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First replicating creature spawned in life simulator

June 17, 2010

Game of Life player Andrew Wade has created the first self-replicating mathematical organism.

The replicator demonstrates how astounding complexity can arise from simple beginnings and processes and might help us understand how life on Earth began, or even inspire strategies to build tiny computers.

Synthetic biology startup launchpad announced by Singularity University

March 28, 2012

SynBio-Startup-Slide-Banner2

Singularity University (SU) is partnering with Triple Ring Technologies to launch a pilot program whose mission is to “help great synthetic biology ideas turn into startup companies.”

“Promising entrepreneurs with great ideas will be intensively mentored over a 4-month period to develop exciting products and services,” according to the SU announcement. The program will run from May to August 2012 in the San… read more

Invisibility cloaks could take sting out of tsunamis

September 30, 2008
(M Farhat/S Enoch/S Guenneau/A B Movchan)

University of Liverpool researchers have built a model of a metamaterial cloaking structure that could channel a tsunami around vulnerable coastlines and offshore platforms.

Pass the Virtual Scalpel, Nurse

August 10, 2006

Rensselaer Polytechnic Institute researchers are developing a surgery simulator similar to the flight simulators used to train pilots. The medical training system would allow surgeons to manipulate virtual human organs in real time, learning and acquiring crucial skills without using cadavers or risking human life.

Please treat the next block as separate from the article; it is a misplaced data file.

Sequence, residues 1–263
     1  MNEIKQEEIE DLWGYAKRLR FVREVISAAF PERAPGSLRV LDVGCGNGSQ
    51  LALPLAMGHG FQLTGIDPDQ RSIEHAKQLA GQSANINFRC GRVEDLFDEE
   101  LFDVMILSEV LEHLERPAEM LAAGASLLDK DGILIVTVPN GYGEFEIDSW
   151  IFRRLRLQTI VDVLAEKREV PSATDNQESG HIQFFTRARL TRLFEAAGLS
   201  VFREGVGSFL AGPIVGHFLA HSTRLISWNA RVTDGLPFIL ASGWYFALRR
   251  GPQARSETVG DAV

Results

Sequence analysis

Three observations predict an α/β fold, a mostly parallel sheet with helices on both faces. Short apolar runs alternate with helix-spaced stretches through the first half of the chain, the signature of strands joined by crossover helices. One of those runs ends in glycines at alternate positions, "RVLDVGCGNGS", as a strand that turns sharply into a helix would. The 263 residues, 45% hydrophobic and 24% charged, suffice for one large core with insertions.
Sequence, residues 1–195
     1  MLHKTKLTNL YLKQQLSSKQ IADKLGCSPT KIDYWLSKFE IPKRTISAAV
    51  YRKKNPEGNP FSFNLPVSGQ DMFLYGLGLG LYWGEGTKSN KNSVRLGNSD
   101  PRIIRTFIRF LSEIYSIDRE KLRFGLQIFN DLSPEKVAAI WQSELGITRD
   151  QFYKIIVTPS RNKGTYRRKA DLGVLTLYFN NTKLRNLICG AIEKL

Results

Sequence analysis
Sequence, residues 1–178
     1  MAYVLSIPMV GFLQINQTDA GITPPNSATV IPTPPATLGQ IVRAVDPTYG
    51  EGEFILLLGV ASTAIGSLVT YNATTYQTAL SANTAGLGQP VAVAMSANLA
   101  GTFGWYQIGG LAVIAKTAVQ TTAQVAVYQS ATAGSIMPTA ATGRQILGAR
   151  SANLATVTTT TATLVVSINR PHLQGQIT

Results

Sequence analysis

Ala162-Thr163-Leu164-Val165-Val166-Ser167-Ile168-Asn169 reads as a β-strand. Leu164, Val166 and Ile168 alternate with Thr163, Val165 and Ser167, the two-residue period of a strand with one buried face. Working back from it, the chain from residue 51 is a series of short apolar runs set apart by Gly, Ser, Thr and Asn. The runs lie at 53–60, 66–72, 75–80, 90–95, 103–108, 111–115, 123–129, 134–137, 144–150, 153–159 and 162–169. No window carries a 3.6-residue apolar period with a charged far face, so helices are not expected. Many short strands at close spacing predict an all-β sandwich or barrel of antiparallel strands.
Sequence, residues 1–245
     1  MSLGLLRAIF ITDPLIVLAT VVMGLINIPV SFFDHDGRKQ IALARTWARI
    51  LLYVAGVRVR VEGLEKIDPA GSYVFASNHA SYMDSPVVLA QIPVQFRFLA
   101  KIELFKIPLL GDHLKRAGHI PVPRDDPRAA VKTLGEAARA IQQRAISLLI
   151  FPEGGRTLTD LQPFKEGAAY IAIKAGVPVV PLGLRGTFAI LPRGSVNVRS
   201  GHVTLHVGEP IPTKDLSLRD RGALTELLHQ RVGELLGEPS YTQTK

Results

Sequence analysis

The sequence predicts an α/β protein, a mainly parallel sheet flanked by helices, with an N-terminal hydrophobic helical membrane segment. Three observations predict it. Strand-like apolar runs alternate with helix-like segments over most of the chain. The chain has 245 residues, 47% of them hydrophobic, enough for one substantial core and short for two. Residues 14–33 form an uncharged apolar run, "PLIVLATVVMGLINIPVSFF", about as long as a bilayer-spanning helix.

They are pursuing a grand vision of developing the holy grail of simulation technology: a “virtual human.”

GM ‘could be another Thalidomide’

October 9, 2003

Plans for the future of GM crops in Britain suffered a massive blow as insurance giants issued dire warnings about the unknown dangers posed by the supercrops.

Insurance firms are refusing to offer cover to farmers who want to plant GM crops because they fear a public health disaster and huge compensation payouts.

NIST team advances in translating language of nanopores

June 25, 2010

(NIST)

National Institute of Standards and Technology scientists have moved a step closer to developing a rapid diagnostic blood test that can scan for thousands of disease markers and other chemical indicators of health.

The team reports it has learned how to decode the electrical signals generated by a nanopore — a “gate” less than 2 nanometers wide in an artificial cell membrane.

Oscillating gel acts like artificial skin, giving robots potential ability to ‘feel’

April 1, 2012

Smiley Gel

gel can be resuscitated in a fashion similar to a medical cardiopulmonary resuscitation, researchers from the University of Pittsburgh and the Massachusetts Institute of Technology (MIT) have demonstrated.

These findings pave the way for new applications — like artificial skin for robots — that sense mechanical stimuli and respond chemically; this is a natural phenomenon few materials have been able to mimic.

The Pitt… read more

Scientist: Holographic television to become reality

October 7, 2008